December 15, 2013, 12:06am
“Corruption” is commonly used in codicology (the history of manuscripts, their production, creation, and copying), but, particularly in the last 50 years, has been pointed out as a loaded term, implying a “purity” of one state or another, particularly with the rise of a semiotic and post-modern armory of concepts.
OP could refine his presentation of what that “final state” consists of. As mentioned by other posters, the answer, if there is a one-word one, would depend on the beginning and end assumptions of the state of the work, and indeed, as I noted above, in some clearing up as to what a “work” consists of.
Think of “The Director’s Cut” being released after cinema release, and the debate thereafter. It’s a deeply entrenched concept in the West–an example in music the, or an, opus. Music compositions at some point started being catalogued or referred to as Opus, eg Beethoven’s Op. 53 (a piano sonata). “Opus” is the singular of “opera,” by the way, so if you want to get all Latin “an opera by Verdi” is a corruption (:)) of one language. In music history, at some point the words “opus perfectum” (completed, in one meaning) were smacked on as an identifier, and then at some later point the word “perfectum” disappeared.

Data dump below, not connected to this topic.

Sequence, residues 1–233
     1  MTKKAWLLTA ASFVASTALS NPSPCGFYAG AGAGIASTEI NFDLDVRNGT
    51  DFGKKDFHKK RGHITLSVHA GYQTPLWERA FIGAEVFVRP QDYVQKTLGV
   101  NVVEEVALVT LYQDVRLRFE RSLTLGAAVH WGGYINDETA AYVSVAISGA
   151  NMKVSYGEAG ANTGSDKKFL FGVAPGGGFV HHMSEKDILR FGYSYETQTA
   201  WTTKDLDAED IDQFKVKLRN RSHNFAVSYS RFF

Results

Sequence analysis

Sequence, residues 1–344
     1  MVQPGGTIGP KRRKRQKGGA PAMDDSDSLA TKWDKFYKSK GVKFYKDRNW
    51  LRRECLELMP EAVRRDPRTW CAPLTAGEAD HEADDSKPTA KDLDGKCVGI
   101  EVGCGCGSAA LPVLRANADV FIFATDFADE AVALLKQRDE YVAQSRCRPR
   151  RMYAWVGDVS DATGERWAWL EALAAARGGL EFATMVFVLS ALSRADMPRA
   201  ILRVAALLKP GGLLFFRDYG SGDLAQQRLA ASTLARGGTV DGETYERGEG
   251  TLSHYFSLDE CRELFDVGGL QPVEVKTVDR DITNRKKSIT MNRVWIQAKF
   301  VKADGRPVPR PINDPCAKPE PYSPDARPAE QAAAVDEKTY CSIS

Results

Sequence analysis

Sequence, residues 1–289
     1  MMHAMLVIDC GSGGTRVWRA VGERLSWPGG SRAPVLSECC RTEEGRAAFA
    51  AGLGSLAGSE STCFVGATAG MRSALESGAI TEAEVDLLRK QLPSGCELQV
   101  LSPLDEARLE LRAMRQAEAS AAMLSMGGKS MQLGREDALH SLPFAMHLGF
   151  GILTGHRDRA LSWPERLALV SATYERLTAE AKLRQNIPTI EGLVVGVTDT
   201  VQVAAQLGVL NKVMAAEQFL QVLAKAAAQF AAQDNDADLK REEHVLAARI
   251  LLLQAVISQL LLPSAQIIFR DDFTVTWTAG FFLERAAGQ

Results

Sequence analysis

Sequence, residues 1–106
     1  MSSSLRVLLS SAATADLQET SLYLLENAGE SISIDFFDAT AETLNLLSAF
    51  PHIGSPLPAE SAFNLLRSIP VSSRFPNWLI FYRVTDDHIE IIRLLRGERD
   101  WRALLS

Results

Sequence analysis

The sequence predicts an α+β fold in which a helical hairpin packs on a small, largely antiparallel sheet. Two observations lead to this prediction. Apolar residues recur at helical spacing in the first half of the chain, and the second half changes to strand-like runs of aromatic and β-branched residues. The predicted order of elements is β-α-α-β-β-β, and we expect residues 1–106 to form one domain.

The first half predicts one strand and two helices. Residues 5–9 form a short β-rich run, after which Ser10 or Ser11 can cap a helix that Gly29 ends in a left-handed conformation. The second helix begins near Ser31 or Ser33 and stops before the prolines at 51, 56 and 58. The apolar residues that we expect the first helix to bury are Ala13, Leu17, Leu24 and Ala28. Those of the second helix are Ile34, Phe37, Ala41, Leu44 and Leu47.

It’s difficult enough, and when added to that a misunderstanding and misuse of “evolution” in its Darwinian sense, with some secular, non-acknowledged Christian eschatology thrown in, the understanding of history gets, and has gotten, pretty weird.
But I digress.
True enough, I suppose, nevertheless “corruption” is the term widely used in the recording/media, computing/coding and most other communications industries when it comes to artifacts, omissions or anomalies introduced in the data by previously stated means, including the one suggested in the OP.